This article was formerly a part of Spotting Synonyms or Antonyms and Answering Questions About Words. For the sake of clarity, that has now been split into two more specific articles. To read the information which used to be included, see Answering Questions About Words
In another article, Spotting Synonyms, we take a look at words with similar meanings. In this one we turn our attention to antonyms. Just as synonyms are words with the same or similar meanings, antonyms are words with opposite meanings.
There are two ways that Opposite Meaning questions are posed in the exam. Firstly, candidates are shown two groups of words and asked to pick two antonyms, one word from each group.
Alternatively, antonyms might be combined with synonyms. Candidates are again shown two groups of words, but this time they are asked to pick either two antonyms (one word from each group) or two synonyms (one word from each group).
Let’s start with the second of these, as it includes synonyms , which complicates matters:
Example Question One
Find TWO words, one from each group, that have similar meanings OR opposite meanings.
Unless the answer immediately pops out, then the technique for solving these is to go through all the possible combinations, looking for synonyms or antonyms. This is best done in the head to save valuable time, but if it were written down, it would look something like this:
|Force||mend||neither synonyms nor antonyms.|
|Force||strong||related words (you would have to be strong to use force) but not synonyms.|
|Force||stop||connected words (you can force someone to stop) but not synonyms.|
|Break||mend||these are perfect antonyms.|
|Break||strong||like ‘force’ and ‘strong, these words are related, but not synonyms.|
|Break||stop||related words (if you break something it will stop working) but not synonyms.|
|Relax||mend||neither synonyms nor antonyms.|
|Relax||strong||neither synonyms nor antonyms.|
|Relax||stop||related words (you may relax by stopping doing anything) but not synonyms.|
As you can see, even with two short lists, there are lots of possible combinations. Writing them all down would take up valuable time so it’s vital that children learn how to visualise the word combinations.
In the example above, there are a few pitfalls for the unwary. ‘Break’ sounds very similar to ‘brake’ which is a synonym for ‘stop’. As ever, a good vocabulary and ability to spell are invaluable. Also, there are many related or connected words, such as ‘force’ and ‘strong’, ‘relax’ and ‘stop’ or ‘break’ and ‘stop’. Make sure that your child understands the exact definition of antonym and synonym to avoid these traps.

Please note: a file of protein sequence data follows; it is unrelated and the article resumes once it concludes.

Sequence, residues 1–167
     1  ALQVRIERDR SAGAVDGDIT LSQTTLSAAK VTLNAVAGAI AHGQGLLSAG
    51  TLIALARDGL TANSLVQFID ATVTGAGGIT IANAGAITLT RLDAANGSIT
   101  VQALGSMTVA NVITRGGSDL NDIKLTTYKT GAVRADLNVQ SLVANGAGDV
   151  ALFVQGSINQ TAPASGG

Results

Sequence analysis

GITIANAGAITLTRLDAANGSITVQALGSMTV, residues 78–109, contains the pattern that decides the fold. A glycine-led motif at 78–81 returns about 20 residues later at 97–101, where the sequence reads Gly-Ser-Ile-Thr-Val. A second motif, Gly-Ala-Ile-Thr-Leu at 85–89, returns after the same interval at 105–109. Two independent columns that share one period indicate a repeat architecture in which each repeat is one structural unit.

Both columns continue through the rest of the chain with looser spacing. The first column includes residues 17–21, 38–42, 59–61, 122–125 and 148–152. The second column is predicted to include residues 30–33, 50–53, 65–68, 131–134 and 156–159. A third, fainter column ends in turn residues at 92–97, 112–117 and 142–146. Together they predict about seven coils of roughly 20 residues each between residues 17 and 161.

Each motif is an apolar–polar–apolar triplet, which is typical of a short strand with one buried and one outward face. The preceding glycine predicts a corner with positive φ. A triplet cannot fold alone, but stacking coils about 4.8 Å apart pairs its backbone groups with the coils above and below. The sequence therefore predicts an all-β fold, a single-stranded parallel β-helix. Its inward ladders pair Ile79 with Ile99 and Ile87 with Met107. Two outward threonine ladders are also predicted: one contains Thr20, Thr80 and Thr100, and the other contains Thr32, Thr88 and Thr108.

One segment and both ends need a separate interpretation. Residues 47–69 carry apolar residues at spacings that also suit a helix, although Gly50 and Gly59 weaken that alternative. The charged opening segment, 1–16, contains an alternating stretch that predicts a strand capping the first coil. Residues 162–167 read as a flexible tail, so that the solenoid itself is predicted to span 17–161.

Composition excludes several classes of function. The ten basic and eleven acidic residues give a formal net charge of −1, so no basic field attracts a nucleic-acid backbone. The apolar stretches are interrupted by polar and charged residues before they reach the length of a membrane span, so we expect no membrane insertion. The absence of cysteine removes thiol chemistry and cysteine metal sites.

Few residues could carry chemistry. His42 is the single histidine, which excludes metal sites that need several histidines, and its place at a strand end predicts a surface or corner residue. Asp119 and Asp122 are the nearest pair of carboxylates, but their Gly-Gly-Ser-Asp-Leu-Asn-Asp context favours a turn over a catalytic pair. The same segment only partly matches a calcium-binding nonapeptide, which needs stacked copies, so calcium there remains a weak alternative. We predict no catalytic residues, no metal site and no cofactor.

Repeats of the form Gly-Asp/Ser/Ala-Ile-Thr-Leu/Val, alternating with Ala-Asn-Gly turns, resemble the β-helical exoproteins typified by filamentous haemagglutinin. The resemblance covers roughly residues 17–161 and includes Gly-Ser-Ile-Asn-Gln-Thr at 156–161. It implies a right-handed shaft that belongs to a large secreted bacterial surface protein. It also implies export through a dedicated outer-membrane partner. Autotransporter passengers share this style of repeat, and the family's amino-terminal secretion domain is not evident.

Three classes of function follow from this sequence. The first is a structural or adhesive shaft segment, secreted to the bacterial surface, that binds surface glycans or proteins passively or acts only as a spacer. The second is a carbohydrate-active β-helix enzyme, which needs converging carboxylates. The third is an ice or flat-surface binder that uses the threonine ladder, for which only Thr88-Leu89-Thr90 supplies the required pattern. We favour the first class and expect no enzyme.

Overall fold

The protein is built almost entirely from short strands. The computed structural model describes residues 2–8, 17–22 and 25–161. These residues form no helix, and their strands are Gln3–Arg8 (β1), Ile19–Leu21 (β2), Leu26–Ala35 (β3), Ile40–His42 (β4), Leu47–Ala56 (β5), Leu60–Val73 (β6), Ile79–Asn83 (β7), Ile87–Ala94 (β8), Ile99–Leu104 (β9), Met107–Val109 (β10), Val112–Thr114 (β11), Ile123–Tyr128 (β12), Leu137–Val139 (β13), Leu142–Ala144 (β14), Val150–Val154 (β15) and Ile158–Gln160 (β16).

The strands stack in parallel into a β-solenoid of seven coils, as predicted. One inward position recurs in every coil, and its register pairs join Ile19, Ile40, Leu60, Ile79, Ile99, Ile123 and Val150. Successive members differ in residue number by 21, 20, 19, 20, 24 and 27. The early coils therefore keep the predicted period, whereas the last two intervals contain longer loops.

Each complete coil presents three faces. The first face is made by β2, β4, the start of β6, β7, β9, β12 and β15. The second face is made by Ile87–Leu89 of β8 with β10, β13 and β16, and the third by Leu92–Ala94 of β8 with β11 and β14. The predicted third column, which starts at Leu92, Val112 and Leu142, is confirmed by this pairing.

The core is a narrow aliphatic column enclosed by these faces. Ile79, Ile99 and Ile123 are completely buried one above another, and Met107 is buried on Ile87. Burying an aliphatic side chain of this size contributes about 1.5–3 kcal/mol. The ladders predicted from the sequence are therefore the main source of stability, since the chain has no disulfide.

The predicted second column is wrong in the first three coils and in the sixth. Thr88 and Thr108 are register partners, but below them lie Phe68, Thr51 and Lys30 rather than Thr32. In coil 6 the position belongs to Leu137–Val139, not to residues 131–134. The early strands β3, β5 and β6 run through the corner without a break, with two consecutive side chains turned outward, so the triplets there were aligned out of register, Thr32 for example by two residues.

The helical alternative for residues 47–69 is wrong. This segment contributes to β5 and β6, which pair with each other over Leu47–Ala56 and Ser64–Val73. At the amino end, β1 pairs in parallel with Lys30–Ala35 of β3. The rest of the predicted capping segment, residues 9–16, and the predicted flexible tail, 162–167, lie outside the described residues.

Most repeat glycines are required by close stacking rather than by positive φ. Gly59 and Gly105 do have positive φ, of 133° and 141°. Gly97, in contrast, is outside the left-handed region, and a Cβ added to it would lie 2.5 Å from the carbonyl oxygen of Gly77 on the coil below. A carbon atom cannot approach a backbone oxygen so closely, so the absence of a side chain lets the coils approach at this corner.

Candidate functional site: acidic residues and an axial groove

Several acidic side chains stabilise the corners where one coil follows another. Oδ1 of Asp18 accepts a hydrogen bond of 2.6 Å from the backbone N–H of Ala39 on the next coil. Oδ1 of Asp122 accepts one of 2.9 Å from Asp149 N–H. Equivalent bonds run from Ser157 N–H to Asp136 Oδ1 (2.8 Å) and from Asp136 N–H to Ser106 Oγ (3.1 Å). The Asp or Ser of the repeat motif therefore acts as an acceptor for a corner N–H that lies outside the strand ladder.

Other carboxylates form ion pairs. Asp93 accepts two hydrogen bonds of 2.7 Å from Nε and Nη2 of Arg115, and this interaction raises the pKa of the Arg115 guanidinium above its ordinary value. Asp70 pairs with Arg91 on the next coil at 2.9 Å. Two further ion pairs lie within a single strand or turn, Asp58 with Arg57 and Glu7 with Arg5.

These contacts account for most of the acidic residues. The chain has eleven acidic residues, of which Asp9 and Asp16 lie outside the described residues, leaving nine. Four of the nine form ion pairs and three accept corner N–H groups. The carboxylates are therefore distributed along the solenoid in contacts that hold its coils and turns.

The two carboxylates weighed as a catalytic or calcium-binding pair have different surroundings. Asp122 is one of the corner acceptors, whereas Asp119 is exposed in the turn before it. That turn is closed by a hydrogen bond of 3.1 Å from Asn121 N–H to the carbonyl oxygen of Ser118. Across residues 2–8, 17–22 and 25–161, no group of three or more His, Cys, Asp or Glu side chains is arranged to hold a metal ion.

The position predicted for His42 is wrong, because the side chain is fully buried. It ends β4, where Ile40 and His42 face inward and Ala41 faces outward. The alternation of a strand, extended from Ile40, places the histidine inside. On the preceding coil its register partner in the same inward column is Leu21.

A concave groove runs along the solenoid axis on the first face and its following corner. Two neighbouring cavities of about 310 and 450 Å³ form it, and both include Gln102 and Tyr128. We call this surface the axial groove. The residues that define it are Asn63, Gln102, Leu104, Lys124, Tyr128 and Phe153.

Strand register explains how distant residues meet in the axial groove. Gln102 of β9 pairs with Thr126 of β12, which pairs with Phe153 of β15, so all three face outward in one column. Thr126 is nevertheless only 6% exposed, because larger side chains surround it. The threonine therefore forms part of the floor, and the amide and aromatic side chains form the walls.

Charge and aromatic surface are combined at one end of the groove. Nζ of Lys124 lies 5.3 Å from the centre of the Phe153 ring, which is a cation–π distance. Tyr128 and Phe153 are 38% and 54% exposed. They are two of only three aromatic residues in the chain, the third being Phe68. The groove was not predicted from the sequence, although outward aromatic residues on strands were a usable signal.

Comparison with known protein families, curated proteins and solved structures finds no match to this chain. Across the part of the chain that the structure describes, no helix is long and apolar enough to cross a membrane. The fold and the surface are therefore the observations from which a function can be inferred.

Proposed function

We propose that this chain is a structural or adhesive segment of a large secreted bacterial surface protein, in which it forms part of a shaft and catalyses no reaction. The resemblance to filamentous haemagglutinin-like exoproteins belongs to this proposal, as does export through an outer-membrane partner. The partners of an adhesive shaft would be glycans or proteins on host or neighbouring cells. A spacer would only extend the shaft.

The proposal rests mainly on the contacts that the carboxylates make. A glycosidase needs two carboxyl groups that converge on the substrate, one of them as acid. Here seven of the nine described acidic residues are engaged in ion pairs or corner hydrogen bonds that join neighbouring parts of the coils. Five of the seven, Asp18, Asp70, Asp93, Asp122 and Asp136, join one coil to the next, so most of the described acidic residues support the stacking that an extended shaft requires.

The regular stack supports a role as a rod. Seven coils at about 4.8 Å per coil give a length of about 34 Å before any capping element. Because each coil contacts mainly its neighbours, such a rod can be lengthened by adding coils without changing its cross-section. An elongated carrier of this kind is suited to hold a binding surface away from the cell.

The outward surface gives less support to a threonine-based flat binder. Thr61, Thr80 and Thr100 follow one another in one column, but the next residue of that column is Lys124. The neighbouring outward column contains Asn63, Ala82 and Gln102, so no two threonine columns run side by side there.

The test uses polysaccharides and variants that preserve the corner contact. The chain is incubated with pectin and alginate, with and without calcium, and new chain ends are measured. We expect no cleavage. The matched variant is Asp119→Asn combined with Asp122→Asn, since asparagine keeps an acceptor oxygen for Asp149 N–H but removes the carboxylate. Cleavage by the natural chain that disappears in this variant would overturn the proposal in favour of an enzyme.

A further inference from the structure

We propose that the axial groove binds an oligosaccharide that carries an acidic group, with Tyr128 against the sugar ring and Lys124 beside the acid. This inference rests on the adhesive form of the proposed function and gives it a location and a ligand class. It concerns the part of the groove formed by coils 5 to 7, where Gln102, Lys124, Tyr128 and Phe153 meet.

Now we come to the more common format for Opposite Meaning questions. In these, candidates can disregard synonyms as we are only interested in antonyms.
Example Question Two
Choose the pair of words which are MOST opposite to each other, taking one word from each group of three.
Now we are looking for words which mean the opposite of each other. Those with large vocabularies should be able to spot the answer right away. For the rest of us, we’ll have to try each word in the first group, looking for opposites:
Fare – this word can be misinterpreted. It has the same sound as ‘fair’, but a very different meaning. In fact, ‘fare’ has three possible meanings:
Most ten-year-olds should be familiar with the first definition. If not, they may confuse it with ‘fair’. None of these definitions has an antonym in the second group, so we can move on to ‘only’.
Only - every ten-year-old will know the meaning of this. Careless candidates may choose ‘just’ as their answer, because ‘just’ is a synonym of ‘only’. But remember: we are only looking for antonyms. Make sure that your child reads each question carefully so that they do not mistakenly pick the wrong answer.
Having ruled out ‘fare’ and ‘only’, we come to the last word, ‘fair’:
Fair – like ‘only’ every ten-year-ol should be familiar with this word. It has only three possible meanings:
The second and third definitions have no antonyms on the list, which leaves us with the first, ‘right, proper or reasonable’.
Again, careless candidates may mistakenly choose ‘just’ as it is a synonym of ‘fair’. It is good to be as fast as possible in the exam, but not so fast that you make mistakes like this. Always read the question thoroughly so that you understand what is required in the answer.
‘Unbiased;’ is the correct answer, as that is a perfect antonym for ‘fair’.
So that your child knows what to expect in the exam, we’ve created four quizzes which follow the Opposite Meaning format. They might help to expand your child’s vocabulary as well as familiarise them with antonyms.
You’ll find the quizzes in our Eleven Plus Verbal Reasoning section or, alternatively, you can follow these links:
Just as with synonyms, the best way to become better at spotting antonyms is to improve your vocabulary. The two most useful ways to do this are by reading as much as possible, and by consulting a dictionary whenever you come across a word you do not know, or are unsure of. Encourage your child to do both of these and their vocabulary will bloom a result.